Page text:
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    I'm getting by with a Powermatic 66 for big stuff, and a Ryobi BT-3000 on a old Home Depot fold-up/roll-around stand for location work. The Ryobi is aluminum, plastic, and borderline flimsy. But it also is completely adjustable/alignable, has thoughtful design and accessories, and a sliding table and attached outfeed table. So if you stay within its limitations, it does a fine job.

    Always happy to get back to the PM66 though.

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    Quote Originally Posted by Chip Chester View Post
    I'm getting by with a Powermatic 66 for big stuff, and a Ryobi BT-3000 on a old Home Depot fold-up/roll-around stand for location work. The Ryobi is aluminum, plastic, and borderline flimsy. But it also is completely adjustable/alignable, has thoughtful design and accessories, and a sliding table and attached outfeed table. So if you stay within its limitations, it does a fine job.

    Always happy to get back to the PM66 though.
    My buddy who lent me the Makita to do the project that initiated this thread came over and used my work Unisaw for a project he was working on, and was in awe of the difference.

    I dropped the older Unisaw from the above story at his house.

    It really is the difference between a Chinese mill drill and a real Bridgeport[or more like my Lagun]

    Theoretically the do the same thing, but not really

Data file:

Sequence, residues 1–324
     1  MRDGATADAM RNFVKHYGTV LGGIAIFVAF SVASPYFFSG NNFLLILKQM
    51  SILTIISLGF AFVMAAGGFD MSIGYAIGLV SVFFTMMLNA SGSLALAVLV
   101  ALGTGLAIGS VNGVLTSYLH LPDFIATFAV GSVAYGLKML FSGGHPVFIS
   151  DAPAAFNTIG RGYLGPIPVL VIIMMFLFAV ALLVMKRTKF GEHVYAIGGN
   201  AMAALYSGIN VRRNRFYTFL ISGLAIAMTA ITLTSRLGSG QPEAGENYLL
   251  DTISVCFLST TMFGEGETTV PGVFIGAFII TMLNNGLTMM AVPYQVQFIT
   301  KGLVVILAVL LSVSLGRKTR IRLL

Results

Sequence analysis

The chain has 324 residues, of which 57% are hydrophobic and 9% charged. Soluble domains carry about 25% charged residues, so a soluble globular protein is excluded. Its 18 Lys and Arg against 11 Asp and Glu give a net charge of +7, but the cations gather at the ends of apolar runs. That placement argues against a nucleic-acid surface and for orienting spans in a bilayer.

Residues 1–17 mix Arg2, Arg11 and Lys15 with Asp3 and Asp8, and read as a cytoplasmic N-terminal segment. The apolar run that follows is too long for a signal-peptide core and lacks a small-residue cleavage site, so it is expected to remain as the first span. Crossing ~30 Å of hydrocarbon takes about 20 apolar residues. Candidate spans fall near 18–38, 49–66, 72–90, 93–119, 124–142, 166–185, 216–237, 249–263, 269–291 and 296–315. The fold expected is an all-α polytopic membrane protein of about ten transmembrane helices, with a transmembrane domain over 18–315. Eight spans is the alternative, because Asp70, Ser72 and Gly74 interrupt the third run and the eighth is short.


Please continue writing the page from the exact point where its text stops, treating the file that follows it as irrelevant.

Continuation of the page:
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    Quote Originally Posted by rons View Post
    I own a Unisaw and have compared it with a Powermatic. Powermatic is better.
    This regards the machines made on native soil, hi how are ya, hi how are ya....
    Back in the early 80ís I worked for a clock company, Mason & Sullivan, and we exhibited at a woodworking show in Madison Square Garden. Up on about the fifth floor.

    One of the other exhibitors was a NYC seller of woodworking machines, John Harra. John had brought in a Unitas and a Powermatic 66. To transport them, he had removed the tables from each, and he left them for a while like that on the exhibit floor. Next to each other. With all of the trunnions and other castings in plain view. He told me that the Delta rep had soon come to him begging him to put the tables back on right away, as everyone that wandered by couldnít help comparing the two - and the Powermatic castings looked to be about twice as heavy.

    Now Iím not saying that the Unisaw isnít a decent saw, or that the Powermatic castings needed to be as beefy as they were. But in this case the picture was worth much more than a thousand words...

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    Quote Originally Posted by JohnMartin View Post
    Back in the early 80ís I worked for a clock company, Mason & Sullivan, and we exhibited at a woodworking show in Madison Square Garden. Up on about the fifth floor.

    One of the other exhibitors was a NYC seller of woodworking machines, John Harra. John had brought in a Unitas and a Powermatic 66. To transport them, he had removed the tables from each, and he left them for a while like that on the exhibit floor. Next to each other. With all of the trunnions and other castings in plain view. He told me that the Delta rep had soon come to him begging him to put the tables back on right away, as everyone that wandered by couldnít help comparing the two - and the Powermatic castings looked to be about twice as heavy.

    Now Iím not saying that the Unisaw isnít a decent saw, or that the Powermatic castings needed to be as beefy as they were. But in this case the picture was worth much more than a thousand words...
    The big functional difference is the unisaw tilts right, and the powermatic left. Whoever thought trapping a wedge under the blade next to a fence was not thinking clearly....